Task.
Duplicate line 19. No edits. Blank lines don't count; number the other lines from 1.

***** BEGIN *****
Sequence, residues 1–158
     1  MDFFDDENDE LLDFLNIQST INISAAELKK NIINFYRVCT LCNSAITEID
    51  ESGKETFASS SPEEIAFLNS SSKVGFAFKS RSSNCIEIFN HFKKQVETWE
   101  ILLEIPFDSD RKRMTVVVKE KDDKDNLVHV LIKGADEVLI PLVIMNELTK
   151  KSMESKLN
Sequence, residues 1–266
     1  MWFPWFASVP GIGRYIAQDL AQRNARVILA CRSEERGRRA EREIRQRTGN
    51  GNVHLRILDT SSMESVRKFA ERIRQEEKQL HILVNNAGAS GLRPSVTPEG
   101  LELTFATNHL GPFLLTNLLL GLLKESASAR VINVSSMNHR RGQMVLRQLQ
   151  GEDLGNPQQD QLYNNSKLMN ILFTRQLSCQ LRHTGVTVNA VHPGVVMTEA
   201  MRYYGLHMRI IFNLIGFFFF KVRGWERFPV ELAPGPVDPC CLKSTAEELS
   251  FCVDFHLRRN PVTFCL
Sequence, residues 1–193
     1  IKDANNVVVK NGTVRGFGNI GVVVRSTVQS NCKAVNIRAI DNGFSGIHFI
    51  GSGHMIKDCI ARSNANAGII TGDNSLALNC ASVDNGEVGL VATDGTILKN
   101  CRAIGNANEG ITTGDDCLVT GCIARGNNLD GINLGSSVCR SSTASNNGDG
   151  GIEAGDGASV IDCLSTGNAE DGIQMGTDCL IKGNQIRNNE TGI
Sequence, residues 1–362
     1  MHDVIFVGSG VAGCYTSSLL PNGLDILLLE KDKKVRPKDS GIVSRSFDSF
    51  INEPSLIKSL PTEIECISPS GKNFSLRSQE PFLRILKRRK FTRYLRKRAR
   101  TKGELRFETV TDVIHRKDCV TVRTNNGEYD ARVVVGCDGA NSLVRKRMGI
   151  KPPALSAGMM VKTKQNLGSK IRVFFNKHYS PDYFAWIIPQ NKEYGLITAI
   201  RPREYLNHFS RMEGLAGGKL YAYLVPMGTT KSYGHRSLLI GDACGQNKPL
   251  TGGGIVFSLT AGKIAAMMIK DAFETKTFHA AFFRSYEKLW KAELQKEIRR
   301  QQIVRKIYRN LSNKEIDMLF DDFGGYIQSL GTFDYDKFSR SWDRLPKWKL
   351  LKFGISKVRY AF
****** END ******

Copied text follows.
     1  MHDVIFVGSG VAGCYTSSLL PNGLDILLLE KDKKVRPKDS GIVSRSFDSF